I was in Tennessee several years ago, and as I was coming down a hill on I-65, I moved back into the right lane to get around a high-profile vehicle that was going well under the speed limit.

Just as I got into the right lane, there was a Tennessee state trooper on the shoulder with somebody he'd pulled over.

I only saw him JUST as I got into that lane.

He was just finishing up with the driver he'd stopped and then got in behind me and pulled me over.

He got my info and asked me if we had "move over" laws in Kentucky.

At that time, I didn't know if we did or not but I always pull over when I see an officer on the shoulder.

I explained to him that I hadn't seen him until I was right there and he gave me a warning.

But first, he told me the awful story of a trooper who'd been hit by a truck on Interstate 40 just one week before. The trooper had died from his injuries.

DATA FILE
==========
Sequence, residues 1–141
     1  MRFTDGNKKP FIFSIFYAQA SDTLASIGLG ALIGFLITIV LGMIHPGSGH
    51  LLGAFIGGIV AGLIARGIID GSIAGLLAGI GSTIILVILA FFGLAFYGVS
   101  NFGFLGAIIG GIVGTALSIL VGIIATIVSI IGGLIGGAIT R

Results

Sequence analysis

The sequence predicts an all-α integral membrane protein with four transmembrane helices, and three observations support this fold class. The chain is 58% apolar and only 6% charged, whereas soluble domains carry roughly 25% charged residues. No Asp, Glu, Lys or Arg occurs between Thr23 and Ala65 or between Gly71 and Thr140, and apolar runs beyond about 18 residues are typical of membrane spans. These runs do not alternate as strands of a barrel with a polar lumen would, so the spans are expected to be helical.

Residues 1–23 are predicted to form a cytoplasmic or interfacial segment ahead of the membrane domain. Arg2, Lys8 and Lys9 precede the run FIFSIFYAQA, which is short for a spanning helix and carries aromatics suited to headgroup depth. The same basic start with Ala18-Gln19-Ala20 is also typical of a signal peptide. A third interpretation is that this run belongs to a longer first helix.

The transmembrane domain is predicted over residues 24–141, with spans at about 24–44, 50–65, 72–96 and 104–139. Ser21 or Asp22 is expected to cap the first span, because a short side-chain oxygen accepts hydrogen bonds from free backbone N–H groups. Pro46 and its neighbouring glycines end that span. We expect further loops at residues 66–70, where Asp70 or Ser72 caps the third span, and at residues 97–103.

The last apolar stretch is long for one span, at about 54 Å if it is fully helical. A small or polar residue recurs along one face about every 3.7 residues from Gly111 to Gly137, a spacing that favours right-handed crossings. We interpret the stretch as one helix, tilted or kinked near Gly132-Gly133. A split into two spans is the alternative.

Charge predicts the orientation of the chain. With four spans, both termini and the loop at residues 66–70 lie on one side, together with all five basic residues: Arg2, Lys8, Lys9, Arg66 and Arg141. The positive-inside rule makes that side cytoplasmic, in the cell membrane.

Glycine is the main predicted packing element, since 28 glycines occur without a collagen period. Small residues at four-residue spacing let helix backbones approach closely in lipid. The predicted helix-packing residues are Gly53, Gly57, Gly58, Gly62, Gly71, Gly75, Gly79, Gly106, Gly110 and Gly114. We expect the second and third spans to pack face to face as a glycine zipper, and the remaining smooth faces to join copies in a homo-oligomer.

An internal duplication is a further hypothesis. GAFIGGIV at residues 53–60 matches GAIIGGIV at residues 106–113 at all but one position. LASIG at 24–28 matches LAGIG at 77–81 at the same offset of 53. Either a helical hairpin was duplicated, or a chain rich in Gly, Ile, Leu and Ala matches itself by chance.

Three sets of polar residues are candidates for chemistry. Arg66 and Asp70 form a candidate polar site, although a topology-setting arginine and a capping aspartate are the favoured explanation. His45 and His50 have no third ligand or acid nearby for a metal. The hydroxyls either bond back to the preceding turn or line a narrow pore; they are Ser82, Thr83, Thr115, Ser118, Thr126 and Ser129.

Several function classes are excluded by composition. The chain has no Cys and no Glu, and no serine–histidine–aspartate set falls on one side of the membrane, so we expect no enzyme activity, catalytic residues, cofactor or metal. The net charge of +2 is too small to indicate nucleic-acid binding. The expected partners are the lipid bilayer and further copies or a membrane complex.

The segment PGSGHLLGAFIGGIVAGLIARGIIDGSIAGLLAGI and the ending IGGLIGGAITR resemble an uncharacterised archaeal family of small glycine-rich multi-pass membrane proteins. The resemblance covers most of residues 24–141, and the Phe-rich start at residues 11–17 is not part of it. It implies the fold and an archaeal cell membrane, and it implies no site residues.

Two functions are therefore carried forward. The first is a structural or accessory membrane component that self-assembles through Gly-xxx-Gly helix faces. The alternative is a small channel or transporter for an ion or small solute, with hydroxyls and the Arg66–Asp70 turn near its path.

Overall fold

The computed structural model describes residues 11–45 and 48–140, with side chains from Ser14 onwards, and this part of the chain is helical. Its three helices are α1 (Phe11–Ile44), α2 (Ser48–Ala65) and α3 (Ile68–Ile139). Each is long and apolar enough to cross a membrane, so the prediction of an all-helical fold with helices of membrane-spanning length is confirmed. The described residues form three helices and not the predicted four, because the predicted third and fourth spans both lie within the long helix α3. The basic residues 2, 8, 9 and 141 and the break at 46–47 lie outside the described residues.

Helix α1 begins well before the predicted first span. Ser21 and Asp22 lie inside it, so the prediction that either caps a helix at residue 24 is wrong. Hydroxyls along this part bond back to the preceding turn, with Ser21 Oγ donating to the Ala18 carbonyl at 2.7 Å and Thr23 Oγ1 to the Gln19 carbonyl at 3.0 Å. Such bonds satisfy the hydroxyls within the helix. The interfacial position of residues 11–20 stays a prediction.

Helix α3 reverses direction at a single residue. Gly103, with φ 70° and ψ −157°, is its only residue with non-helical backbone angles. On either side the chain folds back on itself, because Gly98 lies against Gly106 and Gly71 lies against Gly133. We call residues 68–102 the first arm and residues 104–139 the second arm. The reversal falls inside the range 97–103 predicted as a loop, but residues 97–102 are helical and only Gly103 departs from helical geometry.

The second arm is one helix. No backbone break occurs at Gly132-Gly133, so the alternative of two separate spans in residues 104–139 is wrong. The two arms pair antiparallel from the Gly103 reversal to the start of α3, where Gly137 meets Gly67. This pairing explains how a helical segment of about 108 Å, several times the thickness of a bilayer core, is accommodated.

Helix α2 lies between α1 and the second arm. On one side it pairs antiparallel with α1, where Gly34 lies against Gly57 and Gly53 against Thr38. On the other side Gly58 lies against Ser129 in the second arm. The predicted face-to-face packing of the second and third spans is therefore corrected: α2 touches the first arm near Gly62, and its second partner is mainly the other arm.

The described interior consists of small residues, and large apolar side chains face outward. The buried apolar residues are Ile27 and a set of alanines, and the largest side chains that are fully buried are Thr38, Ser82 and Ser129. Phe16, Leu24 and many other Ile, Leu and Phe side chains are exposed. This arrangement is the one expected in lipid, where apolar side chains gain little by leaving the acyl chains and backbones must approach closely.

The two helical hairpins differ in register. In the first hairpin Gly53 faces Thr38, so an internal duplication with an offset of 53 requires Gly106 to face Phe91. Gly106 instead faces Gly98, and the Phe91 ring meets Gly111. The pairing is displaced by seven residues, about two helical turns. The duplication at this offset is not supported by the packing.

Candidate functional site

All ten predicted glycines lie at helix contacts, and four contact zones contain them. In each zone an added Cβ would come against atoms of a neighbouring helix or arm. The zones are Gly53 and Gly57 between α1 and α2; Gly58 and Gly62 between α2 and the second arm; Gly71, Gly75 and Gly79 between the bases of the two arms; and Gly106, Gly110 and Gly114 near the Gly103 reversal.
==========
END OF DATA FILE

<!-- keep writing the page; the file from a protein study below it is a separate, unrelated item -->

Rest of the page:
Well, close calls have been mounting in Kentucky and Indiana so much that a crackdown on "move over" laws is about to begin.

WLWT/Cincinnati reports that state police in Kentucky and Indiana, as well as Ohio and three other states, will be cracking down on motorists who don't slow down or move over when they approach an officer on the shoulder.

The report also mentions a Bowling Green-based officer who survived being hit by a vehicle and thrown through the air, but had to retire on disability after only 15 days on the job.

Too many close calls have necessitated the crackdown, which begins Sunday.


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